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    ABSTRACT: Objectives Intrauterine growth restriction (IUGR) is associated with increased cardiovascular risk later in life but the link between fetal disease and postnatal risk is poorly documented. We evaluated longitudinally the association between cardiovascular remodelling in fetal life and at 6 months of age in IUGR.MethodsA cohort of 80 IUGR (estimated fetal and birth weight<10th centile, delivery >34 weeks’ gestation) was compared with 80 normally grown control fetuses, and followed at 6 months of corrected age. Cardiovascular evaluation included a comprehensive echocardiographic assessment (fetuses and infants), and blood pressure and aortic intima-media thickness (aIMT) in infants. Parameters were adjusted by gender, gestational age at delivery, prenatal glucocorticoid exposure, cesarean section, neonatal intensive care and body surface area by linear regression analysis.ResultsWhen compared to controls, IUGR showed more globular cardiac shape both pre- and postnatally (infant left sphericity index: control 1.92 vs. IUGR 1.67, p-<0.001), as well as signs of systolic longitudinal dysfunction (infant mitral lateral annular S’ peak velocity: control 7.9 vs. IUGR 6.4 cm/s, p-<0.001; tricuspid annular plane systolic excursion: control 16.0 vs. IUGR 14.2 mm, p-<0.001) and diastolic dysfunction (isovolumetric relaxation time: control 50 vs. IUGR 57 ms, p-<0.001). In addition, IUGR infants had increased mean blood pressure (mean: control 61 vs. IUGR 70 mmHg, p-<0.001) and maximum aIMT (control 0.57 vs. IUGR 0.66 mm, p-<0.001).Conclusions Primary cardiovascular changes in IUGR are already present in utero and persist at 6 months of age. The data supports prenatal cardiovascular remodelling as a mechanistic pathway of increased risk in IUGR.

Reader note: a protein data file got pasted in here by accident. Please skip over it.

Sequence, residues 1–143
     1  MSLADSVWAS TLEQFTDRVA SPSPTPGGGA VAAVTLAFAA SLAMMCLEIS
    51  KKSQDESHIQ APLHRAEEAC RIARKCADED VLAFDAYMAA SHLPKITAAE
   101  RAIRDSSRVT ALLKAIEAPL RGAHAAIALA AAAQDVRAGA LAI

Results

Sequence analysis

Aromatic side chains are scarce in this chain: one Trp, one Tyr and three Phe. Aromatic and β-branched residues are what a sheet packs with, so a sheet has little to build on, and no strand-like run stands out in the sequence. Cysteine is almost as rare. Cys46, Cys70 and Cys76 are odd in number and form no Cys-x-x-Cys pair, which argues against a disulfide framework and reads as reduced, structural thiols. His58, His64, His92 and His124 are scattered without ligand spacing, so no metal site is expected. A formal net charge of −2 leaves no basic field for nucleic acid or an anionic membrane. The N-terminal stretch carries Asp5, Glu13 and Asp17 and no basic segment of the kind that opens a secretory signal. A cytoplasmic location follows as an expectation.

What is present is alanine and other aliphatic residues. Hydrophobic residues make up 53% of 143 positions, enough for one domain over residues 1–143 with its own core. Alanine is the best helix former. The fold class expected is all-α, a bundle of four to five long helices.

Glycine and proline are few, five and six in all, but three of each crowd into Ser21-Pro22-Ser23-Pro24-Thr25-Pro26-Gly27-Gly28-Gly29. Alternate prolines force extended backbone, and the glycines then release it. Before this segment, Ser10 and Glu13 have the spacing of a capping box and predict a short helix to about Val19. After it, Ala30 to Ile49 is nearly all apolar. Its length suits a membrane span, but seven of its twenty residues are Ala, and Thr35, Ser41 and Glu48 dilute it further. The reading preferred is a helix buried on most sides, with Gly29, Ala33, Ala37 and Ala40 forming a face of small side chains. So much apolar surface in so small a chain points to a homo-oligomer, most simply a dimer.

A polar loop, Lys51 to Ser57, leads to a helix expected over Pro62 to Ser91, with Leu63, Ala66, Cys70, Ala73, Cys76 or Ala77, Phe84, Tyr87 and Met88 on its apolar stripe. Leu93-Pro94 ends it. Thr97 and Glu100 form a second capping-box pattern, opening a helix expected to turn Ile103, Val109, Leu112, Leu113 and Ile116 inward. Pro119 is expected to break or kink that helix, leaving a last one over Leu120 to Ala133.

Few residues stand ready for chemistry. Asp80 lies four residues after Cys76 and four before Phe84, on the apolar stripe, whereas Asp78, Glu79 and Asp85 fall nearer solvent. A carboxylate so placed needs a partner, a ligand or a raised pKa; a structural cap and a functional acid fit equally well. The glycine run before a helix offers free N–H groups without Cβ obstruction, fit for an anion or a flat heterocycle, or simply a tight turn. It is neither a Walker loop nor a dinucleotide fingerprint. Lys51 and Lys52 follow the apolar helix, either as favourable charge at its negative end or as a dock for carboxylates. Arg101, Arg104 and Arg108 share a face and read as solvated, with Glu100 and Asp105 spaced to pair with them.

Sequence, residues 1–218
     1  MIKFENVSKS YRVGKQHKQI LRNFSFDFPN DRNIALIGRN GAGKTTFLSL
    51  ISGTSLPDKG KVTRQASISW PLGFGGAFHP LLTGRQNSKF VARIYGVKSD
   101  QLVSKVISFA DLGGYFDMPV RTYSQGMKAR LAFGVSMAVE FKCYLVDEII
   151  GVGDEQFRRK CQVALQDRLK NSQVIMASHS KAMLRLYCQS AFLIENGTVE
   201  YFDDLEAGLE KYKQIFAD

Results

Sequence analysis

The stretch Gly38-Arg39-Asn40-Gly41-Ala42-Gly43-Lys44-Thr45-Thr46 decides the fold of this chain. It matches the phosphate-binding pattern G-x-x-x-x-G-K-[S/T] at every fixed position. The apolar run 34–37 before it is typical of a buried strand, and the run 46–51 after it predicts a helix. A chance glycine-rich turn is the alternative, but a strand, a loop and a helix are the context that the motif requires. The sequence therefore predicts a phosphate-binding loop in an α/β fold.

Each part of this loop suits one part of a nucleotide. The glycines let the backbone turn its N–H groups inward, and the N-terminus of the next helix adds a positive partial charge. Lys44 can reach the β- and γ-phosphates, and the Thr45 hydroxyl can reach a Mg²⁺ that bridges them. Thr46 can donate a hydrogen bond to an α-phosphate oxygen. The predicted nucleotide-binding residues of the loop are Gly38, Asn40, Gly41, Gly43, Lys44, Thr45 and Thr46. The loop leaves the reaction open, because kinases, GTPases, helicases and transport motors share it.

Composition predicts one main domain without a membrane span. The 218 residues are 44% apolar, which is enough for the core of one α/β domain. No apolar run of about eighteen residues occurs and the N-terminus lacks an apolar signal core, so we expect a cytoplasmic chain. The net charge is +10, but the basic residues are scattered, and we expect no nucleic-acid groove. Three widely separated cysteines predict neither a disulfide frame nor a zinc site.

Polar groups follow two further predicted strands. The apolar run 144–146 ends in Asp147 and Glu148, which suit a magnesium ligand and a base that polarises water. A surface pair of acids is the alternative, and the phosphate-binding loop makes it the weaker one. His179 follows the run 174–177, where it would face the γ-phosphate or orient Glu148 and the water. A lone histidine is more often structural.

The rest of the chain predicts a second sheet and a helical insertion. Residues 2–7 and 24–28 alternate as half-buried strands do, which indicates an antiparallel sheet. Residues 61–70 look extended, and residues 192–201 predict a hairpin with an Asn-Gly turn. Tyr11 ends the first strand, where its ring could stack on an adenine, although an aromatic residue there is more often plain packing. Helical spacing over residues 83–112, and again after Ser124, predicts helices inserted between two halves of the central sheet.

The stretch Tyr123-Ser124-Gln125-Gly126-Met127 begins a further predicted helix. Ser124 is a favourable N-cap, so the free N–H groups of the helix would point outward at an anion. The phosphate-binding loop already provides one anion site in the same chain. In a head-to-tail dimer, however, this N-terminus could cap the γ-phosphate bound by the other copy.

No preview · Article · Sep 2015 · Ultrasound in Obstetrics and Gynecology

Publication Stats

7k Citations
2,368.05 Total Impact Points

Institutions

  • 1993-2016
    • University of Barcelona
      • • Department of Obstetrics and Gynecology, Pediatrics, Radiology and Anatomy
      • • Department of Medicine
      Barcino, Catalonia, Spain
  • 2015
    • Hospital Clínico Universidad de Chile
      CiudadSantiago, Santiago Metropolitan, Chile
  • 2014-2015
    • Hospital Sant Joan de Déu
      Barcino, Catalonia, Spain
  • 1994-2015
    • Hospital Clínic de Barcelona
      • Servicio de Medicina Materno Fetal
      Barcino, Catalonia, Spain
  • 2013-2014
    • Fetal Medicine Barcelona
      Barcino, Catalonia, Spain
  • 2011-2014
    • Centro de Investigación Biomédica en Red de Enfermedades Raras
      Valenza, Valencia, Spain
  • 2008-2014
    • IDIBAPS August Pi i Sunyer Biomedical Research Institute
      Barcino, Catalonia, Spain
  • 2008-2012
    • Instituto de Salud Carlos III
      Madrid, Madrid, Spain
  • 2008-2010
    • Institut Marqués, Spain, Barcelona
      Barcino, Catalonia, Spain
  • 2009
    • Royal Prince Alfred Hospital
      Camperdown, New South Wales, Australia
  • 2003-2009
    • Universitair Ziekenhuis Leuven
      • Department of Gynaecology and obstetrics
      Louvain, Flanders, Belgium
  • 2001-2009
    • University Hospital Vall d'Hebron
      • Department of Obstetrics
      Barcino, Catalonia, Spain
    • ՊԵՐԻՆԱՏՈԼՈԳԻԱՅԻ, ՄԱՆԿԱԲԱՐՁՈՒԹՅԱՆ ԵՎ ԳԻՆԵԿՈԼՈԳԻԱՅԻ ԻՆՍՏԻՏՈՒՏ
      Ayrivan, Yerevan, Armenia
  • 2002-2008
    • Autonomous University of Barcelona
      • Department of Biochemistry and Molecular Biology
      Cerdanyola del Vallès, Catalonia, Spain
  • 2006-2007
    • Southern Medical Clinic
      San Fernando, City of San Fernando, Trinidad and Tobago
  • 2004
    • University of Rochester
      Rochester, New York, United States
  • 1999-2002
    • University of Leuven
      • Faculty of Medicine
      Louvain, Flanders, Belgium